Sudden glory is the passion which maketh those grimaces called laughter, and is caused either by some sudden act of men’s own that pleaseth them or by the apprehension of some deformed thing in another, by comparison whereof they suddenly applaud themselves. And it is incident most to them that are conscious of the fewest abilities in themselves who are forced to keep themselves in their own favor by observing the imperfections of other men. And therefore much laughter at the defects of others is a sign of pusillanimity. For of great minds, one of the proper works is to help and free others from scorn, and compare themselves only with the most able.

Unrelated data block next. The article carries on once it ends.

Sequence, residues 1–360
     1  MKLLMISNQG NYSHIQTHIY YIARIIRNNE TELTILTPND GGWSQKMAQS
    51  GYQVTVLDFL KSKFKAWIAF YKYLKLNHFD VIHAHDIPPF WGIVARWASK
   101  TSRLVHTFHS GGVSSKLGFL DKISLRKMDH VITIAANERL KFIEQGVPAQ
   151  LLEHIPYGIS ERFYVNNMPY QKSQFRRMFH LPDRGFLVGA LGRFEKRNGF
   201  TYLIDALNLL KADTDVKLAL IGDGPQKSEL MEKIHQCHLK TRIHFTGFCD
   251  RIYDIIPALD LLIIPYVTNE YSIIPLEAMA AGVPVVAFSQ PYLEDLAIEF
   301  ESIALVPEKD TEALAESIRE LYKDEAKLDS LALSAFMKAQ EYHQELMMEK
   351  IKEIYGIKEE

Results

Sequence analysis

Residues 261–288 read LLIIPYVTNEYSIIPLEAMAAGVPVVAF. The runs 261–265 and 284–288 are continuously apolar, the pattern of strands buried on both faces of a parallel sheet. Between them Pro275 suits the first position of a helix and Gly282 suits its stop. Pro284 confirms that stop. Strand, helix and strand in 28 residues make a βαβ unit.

On the contrary, sudden dejection is the passion that causeth weeping, and is caused by such accidents as suddenly take away some vehement hope or some prop of their power: and they are most subject to it who rely principally on helps external, such as are women and children. Therefore some weep for the loss of friends, others for their unkindness, others for the sudden stop made to their thoughts of revenge by reconciliation. But in all cases, both laughter and weeping are sudden motions, custom taking them both away. For no man laughs at old jests or weeps for an old calamity.